If the Republicans try to shutdown the government to press for defunding of Obamacare, they will lose. The public will turn against the Republicans, and they will have to cave in under pressure.
The public does not like government shutdowns. For some it means a loss of services, for others the threat looms, and for still others it exemplifies the partisanship and self-destruction that epitomizes Washington in general -- and Congress in particular.
There is a bare majority, 52 percent, that oppose Obamacare, but this narrow margin is too thin to sustain so drastic a solution.
To give you an idea of how voters feel about shutting down the government, think of how they feel about teachers and schools. Do they think that teachers need more money? Sure. Do they want the teachers to strike and shut down the schools? No way.
In this case, the medium -- the shutdown -- will become the message. We won’t be focusing on the shortcomings of Obamacare, the premiums, the fines, the diversion from full-time to part-time jobs, the limits on care. No we will be talking about when the passport office is closed and the details of the shutdown.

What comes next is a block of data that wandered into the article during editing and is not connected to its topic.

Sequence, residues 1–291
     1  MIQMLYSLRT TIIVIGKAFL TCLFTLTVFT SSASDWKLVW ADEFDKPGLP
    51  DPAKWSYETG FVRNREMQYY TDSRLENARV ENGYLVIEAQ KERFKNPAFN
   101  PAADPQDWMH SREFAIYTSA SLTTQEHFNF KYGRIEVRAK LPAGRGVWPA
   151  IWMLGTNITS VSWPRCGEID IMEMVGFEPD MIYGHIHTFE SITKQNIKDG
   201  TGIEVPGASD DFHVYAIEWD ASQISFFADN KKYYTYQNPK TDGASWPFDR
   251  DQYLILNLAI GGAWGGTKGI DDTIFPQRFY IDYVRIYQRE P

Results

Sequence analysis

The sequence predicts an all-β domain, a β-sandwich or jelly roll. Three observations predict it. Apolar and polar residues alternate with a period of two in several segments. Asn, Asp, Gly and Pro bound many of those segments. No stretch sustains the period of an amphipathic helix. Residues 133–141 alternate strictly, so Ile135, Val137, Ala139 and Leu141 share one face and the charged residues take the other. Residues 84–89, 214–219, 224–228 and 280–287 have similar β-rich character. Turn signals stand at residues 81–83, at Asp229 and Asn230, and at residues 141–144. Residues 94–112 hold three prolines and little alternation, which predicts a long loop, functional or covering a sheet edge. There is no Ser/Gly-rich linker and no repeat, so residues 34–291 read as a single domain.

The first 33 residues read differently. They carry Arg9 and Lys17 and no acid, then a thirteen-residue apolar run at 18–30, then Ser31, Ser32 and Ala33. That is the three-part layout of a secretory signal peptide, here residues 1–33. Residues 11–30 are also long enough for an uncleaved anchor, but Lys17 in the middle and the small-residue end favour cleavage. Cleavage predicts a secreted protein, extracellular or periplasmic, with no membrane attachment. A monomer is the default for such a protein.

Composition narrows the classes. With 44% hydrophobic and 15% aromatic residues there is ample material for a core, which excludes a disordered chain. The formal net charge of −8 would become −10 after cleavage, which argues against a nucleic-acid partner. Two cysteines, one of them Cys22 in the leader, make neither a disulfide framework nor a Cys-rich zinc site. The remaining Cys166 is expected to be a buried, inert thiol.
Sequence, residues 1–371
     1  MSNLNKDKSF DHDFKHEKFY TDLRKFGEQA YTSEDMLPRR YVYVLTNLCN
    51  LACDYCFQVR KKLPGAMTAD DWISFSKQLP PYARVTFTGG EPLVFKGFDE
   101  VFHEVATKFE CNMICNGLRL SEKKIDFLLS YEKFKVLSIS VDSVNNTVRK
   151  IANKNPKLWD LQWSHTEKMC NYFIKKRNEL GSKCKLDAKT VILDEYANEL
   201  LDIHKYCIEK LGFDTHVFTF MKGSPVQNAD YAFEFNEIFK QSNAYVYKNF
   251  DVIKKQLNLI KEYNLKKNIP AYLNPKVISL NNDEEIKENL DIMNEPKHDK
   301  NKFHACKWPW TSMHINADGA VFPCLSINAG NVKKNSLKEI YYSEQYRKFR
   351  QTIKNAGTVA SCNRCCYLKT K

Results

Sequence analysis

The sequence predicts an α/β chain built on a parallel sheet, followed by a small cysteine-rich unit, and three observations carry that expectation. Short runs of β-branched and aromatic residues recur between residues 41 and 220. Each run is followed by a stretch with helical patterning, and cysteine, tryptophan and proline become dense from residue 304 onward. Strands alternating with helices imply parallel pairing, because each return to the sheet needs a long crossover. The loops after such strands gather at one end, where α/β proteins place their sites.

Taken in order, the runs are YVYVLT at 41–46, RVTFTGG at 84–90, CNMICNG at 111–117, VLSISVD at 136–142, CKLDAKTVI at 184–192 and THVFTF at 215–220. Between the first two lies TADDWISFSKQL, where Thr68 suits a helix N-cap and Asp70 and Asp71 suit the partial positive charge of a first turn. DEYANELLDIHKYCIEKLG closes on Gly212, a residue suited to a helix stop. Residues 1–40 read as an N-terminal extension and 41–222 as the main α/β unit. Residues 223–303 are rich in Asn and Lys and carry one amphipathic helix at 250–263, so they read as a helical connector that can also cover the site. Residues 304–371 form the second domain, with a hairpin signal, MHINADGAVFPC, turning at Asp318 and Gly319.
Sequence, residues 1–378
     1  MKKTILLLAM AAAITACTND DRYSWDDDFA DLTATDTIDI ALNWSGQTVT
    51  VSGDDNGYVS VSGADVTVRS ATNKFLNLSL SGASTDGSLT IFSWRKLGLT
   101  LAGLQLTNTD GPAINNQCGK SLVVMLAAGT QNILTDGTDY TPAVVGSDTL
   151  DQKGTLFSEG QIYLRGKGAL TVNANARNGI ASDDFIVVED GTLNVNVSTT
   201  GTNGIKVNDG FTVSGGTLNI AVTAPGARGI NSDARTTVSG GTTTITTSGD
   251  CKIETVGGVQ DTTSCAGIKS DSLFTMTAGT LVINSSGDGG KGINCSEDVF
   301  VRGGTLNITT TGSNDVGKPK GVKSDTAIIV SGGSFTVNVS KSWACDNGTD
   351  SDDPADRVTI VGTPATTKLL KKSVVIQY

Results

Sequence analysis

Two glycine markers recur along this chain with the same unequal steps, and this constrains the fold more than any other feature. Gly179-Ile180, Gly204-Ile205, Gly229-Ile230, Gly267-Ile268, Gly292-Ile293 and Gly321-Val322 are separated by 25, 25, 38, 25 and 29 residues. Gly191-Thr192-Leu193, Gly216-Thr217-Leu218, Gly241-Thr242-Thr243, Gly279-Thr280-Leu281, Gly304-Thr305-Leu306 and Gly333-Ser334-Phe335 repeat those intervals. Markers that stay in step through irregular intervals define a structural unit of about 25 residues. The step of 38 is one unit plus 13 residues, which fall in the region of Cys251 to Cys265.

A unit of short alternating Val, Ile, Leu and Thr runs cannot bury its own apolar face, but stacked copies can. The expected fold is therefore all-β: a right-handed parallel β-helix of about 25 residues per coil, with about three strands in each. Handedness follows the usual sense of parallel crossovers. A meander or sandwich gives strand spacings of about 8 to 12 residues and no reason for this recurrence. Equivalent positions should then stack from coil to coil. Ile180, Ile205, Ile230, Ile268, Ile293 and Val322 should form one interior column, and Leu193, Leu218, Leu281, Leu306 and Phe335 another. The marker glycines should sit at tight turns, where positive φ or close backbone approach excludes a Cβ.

There is just not the public support for a closure.
Who will blink first? Republicans will. We are only as strong as out 20 most liberal members or our 20 weakest. Their votes, combined with those of Nancy Pelosi’s legions will be enough to fold our hand.
There is a place for Republicans to stand and fight and that is over the debt limit. Voters do not want the government to borrow more money and buy into the idea that we should cut spending before we incur additional debt. The GOP should focus on curbing welfare entitlements like Medicare, welfare and food stamps in return for raising the debt limit.
If we try a shutdown, we will lose. We will be unable to hold the debt limit line after that defeat and all our investigations of Obama, from the NSA to Benghazi to the AP to Fast and Furious to IRS, will be undermined as the GOP develops a reputation for being obstructive and rigidly partisan.
(Daily Corinthian columnist Dick Morris, former advisor to the Clinton administration, is a commentator and writer. He is also a columnist for the New York Post and The Hill. His wife, Eileen McGann is an attorney and consultant.)